In this blogpost I want to explore three organizational hurdles that that prevent innovation from happening.

Before we delve into the three hurdles, we need to establish what defines successful innovation. I think the best definition is that it’s about solving customer problems in new and better ways.

In my opinion, customer-centric innovation is, therefore, a pleonasm. It doesn’t make sense to innovate if it isn’t about solving a customer problem more smartly or cheaply. But when it comes to finding the right problems to solve and solving them right, every innovator has to deal with the following three hurdles:

Hurdle 1: We’re too much in love with our solution

We usually have no clue about what our customer needs. However, we have many assumptions. Most of them are simple projections of our prejudices and beliefs. Furthermore, we often are highly motivated to convince ourselves that the problem of our customers is precisely the problem that our solution solves. Customer-centric innovation, therefore, is often thought of as “the problem of the customer is that he/she hasn’t figured out yet how awesome our product is”.

We do this ‘thinking backwards’ from our solution all the time. We can’t help ourselves. And I think this is one of the most challenging habits to overcome. In a Behavioural Design Project, we always start by warning everyone in the project that it will pay off to avoid getting to solutions too fast. Instead, we always insist on taking enough time to fall in love with the problem.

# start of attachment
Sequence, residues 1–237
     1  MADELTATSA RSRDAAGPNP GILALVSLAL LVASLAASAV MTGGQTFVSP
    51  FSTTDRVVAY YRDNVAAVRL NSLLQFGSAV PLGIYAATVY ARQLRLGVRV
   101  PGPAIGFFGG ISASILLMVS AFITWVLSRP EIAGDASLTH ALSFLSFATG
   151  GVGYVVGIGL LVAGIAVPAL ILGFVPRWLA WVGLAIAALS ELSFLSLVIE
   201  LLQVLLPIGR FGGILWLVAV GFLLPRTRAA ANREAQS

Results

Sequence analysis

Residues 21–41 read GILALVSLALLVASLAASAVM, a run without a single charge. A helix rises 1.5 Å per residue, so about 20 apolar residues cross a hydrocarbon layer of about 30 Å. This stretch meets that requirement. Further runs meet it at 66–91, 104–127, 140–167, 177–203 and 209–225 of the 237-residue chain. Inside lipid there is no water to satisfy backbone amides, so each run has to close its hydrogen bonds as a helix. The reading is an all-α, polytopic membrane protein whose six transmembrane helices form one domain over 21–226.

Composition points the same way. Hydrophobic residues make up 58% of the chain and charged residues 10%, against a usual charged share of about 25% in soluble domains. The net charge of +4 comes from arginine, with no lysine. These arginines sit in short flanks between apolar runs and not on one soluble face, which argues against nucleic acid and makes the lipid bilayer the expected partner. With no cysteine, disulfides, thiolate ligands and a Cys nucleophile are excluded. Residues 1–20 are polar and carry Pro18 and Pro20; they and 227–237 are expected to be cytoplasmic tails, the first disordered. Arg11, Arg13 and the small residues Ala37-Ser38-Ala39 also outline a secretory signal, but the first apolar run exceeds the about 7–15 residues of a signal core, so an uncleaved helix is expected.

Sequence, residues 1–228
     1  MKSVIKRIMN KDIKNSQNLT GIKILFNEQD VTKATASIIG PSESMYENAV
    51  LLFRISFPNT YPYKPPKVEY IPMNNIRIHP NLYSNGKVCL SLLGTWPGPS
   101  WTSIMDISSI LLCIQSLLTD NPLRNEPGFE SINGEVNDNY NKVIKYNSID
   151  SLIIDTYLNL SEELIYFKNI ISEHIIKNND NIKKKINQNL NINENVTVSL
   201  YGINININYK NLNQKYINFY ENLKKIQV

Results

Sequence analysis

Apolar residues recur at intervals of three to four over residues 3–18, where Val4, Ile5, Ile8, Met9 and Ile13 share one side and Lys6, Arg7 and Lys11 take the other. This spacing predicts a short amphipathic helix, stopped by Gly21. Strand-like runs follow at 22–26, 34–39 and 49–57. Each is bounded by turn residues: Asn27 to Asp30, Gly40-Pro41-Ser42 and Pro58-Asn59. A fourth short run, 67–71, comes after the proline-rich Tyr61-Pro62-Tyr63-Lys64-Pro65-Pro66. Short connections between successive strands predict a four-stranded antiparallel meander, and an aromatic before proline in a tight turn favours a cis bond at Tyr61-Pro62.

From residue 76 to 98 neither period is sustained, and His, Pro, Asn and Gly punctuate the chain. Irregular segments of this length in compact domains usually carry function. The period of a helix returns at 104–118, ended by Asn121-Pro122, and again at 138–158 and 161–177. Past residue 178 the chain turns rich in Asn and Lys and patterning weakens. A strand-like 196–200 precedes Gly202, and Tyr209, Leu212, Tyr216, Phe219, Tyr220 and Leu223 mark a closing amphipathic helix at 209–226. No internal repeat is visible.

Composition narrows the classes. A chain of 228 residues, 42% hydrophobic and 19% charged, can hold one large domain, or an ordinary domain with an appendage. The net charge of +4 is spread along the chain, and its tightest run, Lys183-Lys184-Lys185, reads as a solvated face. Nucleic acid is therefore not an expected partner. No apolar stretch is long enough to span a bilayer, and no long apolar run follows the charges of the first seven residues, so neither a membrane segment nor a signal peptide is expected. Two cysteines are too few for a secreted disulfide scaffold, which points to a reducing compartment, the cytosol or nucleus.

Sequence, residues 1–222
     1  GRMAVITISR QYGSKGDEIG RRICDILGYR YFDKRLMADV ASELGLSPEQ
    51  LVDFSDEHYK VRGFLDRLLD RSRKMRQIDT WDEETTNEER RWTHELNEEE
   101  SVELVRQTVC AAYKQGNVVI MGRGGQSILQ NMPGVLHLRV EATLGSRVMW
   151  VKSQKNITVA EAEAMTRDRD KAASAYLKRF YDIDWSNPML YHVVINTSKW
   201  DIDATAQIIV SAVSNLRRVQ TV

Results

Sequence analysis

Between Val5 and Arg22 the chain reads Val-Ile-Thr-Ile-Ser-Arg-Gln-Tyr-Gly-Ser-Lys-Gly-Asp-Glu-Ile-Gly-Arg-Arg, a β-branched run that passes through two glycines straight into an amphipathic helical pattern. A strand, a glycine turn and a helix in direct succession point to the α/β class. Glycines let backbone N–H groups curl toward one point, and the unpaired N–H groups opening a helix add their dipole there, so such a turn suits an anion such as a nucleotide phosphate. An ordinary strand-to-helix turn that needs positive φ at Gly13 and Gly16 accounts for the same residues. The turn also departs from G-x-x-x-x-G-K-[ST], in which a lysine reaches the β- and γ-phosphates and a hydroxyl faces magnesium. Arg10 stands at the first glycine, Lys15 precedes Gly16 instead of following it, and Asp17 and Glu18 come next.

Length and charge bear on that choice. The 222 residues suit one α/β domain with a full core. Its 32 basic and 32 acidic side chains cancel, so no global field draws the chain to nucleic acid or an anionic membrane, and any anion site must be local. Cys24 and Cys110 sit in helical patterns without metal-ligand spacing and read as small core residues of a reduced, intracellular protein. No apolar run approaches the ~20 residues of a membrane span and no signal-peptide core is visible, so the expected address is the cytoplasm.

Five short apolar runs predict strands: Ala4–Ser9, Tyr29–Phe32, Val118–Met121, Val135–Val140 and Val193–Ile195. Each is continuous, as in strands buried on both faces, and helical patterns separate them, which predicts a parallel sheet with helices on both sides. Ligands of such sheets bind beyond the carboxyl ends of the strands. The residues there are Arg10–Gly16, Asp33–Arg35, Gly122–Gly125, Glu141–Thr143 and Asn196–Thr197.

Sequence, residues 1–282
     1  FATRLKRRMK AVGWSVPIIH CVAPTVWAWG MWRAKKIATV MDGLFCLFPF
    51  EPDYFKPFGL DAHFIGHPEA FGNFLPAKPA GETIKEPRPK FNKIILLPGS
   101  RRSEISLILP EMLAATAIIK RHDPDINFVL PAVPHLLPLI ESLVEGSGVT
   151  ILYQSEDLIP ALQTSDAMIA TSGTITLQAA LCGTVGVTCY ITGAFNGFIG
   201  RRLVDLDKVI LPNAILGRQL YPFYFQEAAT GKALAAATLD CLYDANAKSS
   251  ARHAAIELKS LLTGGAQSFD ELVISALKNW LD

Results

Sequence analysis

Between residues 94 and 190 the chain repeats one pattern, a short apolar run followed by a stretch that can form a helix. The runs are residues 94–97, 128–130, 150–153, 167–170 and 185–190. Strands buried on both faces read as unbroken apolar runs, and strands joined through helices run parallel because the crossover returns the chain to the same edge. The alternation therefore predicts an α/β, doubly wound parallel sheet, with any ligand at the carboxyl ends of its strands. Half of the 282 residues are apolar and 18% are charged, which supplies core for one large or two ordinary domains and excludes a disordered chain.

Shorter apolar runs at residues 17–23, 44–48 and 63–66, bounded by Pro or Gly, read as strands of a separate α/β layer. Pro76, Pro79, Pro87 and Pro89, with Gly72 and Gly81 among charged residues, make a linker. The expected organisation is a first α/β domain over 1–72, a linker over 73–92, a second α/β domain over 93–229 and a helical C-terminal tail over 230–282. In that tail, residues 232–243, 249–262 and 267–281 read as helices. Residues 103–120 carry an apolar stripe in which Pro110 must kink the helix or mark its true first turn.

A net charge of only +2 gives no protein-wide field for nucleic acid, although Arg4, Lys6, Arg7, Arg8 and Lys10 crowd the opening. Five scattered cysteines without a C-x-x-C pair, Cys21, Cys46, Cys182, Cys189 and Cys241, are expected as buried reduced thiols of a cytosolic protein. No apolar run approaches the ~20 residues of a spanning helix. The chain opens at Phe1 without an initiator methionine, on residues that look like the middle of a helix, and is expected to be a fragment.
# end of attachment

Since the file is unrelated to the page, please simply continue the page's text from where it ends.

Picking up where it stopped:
A client of ours gave beautiful feedback last week on this. She said:

“When listening to your interviews, I was getting increasingly impatient about when you would finally start asking questions about our solutions. And you only spend the last 15% of the interview on this. But suddenly, it all made sense because we now understand that our solution is not properly solving the right problem”. 


Hurdle 2: Insight paralysis. What’s the killer insight?

Quite often, market research is boring and paralyzing. The more insights you get, the more you get paralyzed about what to do with them.

In a Behavioural Design Sprint, insight gathering is never a goal in itself. Instead, we treat them as an intermediate step for spotting opportunities. Behavioural Designers neatly map insights as forces that could boost or hinder behavioural change from happening. But more importantly: We don’t present insights; instead, we present opportunities.

Nothing is more powerful and inspiring than an insight translated into an opportunity. For instance, after interviewing blue-collar workers in an environment where there was a problem with social safety, we turned our understanding of the problem in the following briefing:

How might we help blue-collar workers at Company X address bullying as a behaviour that contributes to a pleasant working environment by taking away the anxieties that they could feel embarrassed as overreacting, turn colleagues into offenders, or feel like a snitch?


Hurdle 3: Stakeholders treat every change as a risk

Every time you want people in organizations to say yes to something new, you have to understand that you’re asking them to take a gamble. Doing something new is always a risk. And the bigger the organization, the less appetite for risk.

The interesting question is: How can you make people feel comfortable and remove their anxiety about the new solution? The answer is prototyping. Time and again, we learn in our Behavioural Design Sprints that prototyping and testing solutions with the end user not only provides you with a deeper understanding of what works and what doesn’t but, more importantly, it has a profound effect on persuading and convincing internal stakeholders to feel much more comfortable to say yes to the implementation phase.

In the last couple of months, I have learned to appreciate more and more that the actual value of running Behavioural Design Sprints is as much about giving creative and strategic confidence to do new things as it is about exploring and validating new ideas with the end user.